Ureteral Trauma Clinical Presentation

Updated: Aug 24, 2022
  • Author: Mathew D Sorensen, MD, MS, FACS; Chief Editor: Bradley Fields Schwartz, DO, FACS  more...
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The key to managing any ureteral injury, regardless of its etiology, is maintaining a high index of suspicion.

Most iatrogenic injuries (70%-80%) are diagnosed postoperatively. The presenting signs and symptoms may include the following [17] :

  • Flank pain (36%-90%)
  • Fever and sepsis (10%)
  • Fistula (ureterovaginal and/or ureterocutaneous)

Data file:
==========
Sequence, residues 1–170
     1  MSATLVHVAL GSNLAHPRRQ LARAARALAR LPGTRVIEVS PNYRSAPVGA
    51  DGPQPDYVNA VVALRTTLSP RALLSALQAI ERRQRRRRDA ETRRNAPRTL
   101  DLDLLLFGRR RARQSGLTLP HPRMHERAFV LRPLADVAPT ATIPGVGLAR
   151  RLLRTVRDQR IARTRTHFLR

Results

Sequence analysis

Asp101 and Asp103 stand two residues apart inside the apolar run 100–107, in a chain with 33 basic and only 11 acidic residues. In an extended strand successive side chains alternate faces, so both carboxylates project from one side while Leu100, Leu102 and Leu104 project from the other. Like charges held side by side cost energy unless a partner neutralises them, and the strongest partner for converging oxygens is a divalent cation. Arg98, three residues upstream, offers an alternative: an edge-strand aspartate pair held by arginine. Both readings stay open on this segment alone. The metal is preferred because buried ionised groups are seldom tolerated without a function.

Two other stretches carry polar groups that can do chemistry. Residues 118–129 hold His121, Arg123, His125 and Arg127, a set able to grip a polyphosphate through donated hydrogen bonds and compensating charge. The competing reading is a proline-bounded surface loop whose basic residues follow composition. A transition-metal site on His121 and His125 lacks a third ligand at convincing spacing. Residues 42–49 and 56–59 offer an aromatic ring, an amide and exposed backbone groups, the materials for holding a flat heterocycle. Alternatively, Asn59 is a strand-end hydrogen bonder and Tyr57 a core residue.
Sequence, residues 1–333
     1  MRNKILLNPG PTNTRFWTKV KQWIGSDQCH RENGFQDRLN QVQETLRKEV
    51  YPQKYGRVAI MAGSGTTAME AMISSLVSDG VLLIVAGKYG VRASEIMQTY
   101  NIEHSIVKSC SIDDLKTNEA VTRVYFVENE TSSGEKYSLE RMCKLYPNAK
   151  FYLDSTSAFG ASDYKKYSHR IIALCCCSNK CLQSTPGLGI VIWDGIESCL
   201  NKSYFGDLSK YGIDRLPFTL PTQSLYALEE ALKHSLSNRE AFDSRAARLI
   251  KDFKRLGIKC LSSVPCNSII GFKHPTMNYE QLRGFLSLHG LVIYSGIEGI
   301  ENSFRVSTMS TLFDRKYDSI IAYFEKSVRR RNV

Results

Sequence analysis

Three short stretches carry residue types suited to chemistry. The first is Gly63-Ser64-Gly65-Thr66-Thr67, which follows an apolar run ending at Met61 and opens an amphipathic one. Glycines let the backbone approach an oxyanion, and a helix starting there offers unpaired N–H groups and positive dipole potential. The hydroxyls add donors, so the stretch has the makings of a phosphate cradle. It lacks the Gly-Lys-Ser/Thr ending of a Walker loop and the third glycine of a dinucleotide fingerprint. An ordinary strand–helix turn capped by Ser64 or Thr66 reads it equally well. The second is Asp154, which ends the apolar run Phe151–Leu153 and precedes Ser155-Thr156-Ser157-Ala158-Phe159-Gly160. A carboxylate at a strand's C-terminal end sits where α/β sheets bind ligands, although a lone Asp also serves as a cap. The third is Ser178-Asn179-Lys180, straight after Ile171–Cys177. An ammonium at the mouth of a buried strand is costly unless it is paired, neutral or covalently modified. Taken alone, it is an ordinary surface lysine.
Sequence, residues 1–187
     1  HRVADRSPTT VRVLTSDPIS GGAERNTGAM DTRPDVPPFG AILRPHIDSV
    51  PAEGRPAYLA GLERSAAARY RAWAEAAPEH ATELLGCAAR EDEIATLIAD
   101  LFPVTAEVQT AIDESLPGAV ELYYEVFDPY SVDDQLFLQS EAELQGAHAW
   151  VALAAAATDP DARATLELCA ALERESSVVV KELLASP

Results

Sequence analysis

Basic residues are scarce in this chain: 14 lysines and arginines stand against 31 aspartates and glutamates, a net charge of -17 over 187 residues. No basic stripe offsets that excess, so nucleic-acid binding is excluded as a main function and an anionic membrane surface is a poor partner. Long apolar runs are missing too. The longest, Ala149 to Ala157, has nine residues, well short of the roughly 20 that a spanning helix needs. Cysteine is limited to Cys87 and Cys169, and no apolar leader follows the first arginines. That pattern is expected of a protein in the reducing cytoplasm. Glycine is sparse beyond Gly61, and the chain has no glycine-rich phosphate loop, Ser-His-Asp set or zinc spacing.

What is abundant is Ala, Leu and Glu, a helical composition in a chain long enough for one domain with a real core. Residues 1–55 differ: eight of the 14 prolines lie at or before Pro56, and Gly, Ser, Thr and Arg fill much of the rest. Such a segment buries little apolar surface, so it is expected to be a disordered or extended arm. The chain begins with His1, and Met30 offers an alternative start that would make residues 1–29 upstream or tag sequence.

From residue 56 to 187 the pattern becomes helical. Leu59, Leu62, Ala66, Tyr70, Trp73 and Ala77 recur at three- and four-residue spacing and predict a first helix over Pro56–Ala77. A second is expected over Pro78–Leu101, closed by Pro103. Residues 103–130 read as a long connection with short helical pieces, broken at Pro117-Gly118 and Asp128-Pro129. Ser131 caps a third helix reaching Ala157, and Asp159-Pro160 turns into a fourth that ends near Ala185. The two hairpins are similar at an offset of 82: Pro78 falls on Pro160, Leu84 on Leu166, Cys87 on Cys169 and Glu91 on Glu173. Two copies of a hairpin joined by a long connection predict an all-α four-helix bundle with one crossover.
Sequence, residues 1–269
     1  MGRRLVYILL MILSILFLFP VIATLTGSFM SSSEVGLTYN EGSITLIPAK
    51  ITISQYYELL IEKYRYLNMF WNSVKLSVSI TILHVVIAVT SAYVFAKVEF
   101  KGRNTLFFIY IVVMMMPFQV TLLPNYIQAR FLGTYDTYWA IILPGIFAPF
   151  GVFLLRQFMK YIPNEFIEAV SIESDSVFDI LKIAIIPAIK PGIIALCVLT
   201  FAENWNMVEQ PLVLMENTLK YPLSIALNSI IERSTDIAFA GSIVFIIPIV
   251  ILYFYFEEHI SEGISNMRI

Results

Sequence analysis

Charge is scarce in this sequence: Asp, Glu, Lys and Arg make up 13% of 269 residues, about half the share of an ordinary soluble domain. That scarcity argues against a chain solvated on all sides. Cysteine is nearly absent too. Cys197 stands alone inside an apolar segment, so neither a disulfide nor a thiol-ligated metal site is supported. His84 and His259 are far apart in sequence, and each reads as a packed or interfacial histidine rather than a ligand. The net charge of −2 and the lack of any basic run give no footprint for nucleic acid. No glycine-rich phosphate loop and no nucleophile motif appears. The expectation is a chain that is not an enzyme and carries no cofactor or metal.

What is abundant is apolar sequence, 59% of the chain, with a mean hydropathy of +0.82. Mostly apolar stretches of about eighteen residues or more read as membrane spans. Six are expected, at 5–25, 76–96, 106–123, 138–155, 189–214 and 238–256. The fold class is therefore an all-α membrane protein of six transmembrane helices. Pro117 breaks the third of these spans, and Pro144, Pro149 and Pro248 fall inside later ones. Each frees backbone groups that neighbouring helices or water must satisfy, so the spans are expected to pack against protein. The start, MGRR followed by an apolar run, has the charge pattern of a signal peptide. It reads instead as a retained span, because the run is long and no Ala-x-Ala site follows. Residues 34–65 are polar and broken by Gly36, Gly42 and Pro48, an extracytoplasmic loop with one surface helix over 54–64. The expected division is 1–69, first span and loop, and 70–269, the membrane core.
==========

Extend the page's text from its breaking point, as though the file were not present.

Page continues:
• Urinoma
  • Prolonged ileus
  • Renal failure secondary to bilateral obstruction (10%)

Other rare but reported injuries include an aortoureteric or graft-ureteric fistula, which may present as mild-to-massive gross hematuria, or a silent obstruction, which can present later as hypertension and nephrotic syndrome.

In patients with external trauma, ureteral involvement may not be obvious, especially when associated with multiorgan involvement. Therefore, the diagnosis of a ureteral injury may be delayed as other critical injuries are addressed. Nevertheless, as discussed above, a high index of suspicion for ureteral involvement must be maintained.


Physical Examination

Again, with the patient's history in mind, a carefully performed physical examination may be revealing. The following findings are especially suggestive:

  • An abdominal or flank mass
  • Costovertebral angle tenderness
  • Peritoneal signs
  • Fluid drainage from the wound or vagina